It doesn't feel right seeing Adnan Sami Khan and Jermaine Jackson jiving in a pop video tribute to Bombay (yes, Raj, I will call it that, boo hoo)a year after 26/11. What does Jermaine know of the city? What does he know of India? And seeing Adnan holding the Gateway of India between his index finger and thumb just looks wrong. I see where he's going, trying to salute the city's spirit and all he's earned from it once hopping across the border. It smacks of gimmick. But more so it leaves an awkward taste, given how strained relations have been between India and Pakistan. A Pakistani, who has earned so much fame and money since landing in Bombay, holding a symbol of the city, just in front of the scene of that horrific attack? Doesn't feel right.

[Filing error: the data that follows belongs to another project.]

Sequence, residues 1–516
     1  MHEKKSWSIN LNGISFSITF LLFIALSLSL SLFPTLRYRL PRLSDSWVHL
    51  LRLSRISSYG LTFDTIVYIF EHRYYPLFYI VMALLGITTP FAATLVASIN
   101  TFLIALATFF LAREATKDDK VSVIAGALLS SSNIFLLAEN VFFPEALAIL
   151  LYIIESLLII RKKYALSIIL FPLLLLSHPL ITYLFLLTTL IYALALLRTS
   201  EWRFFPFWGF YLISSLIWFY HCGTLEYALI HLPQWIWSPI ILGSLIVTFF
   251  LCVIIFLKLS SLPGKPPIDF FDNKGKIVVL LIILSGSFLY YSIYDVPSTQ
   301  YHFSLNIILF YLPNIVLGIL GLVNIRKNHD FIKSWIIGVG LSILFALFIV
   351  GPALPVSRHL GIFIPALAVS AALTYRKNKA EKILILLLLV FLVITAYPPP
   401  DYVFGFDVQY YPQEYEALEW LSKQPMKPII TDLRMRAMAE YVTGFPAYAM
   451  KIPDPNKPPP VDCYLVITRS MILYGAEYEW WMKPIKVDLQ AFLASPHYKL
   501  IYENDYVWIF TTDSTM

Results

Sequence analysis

We each have our field of dreams. The space where we first really took to cricket, where we played the game because we just loved the sound of ball (rubber, tennis, cork, whatever) on ball, where we could square-drive like our heroes (Dravid, for me) and mimic bowling actions and try our hands at legspin or left-arm pace and try to intimidate and flourish, and where we could - for an hour, a day - escape the drudgery of school and chores. Maybe it was a parking lot or a sandlot, a maidaan , an open field, a side street, a gulli , a stadium, an terrace. You know what I'm talking about. For me, that field was a beaten up, run down former tennis court tucked away between the magnificent deodar and handsome Indian Chestnut tree and sturdy Himalayan Oak and serene maple trees. A little piece of heaven where in days of yore British, American and Canadian missionaries spent sunny summer afternoons playing tennis and rounders but which by the time my buddies and I took over had withered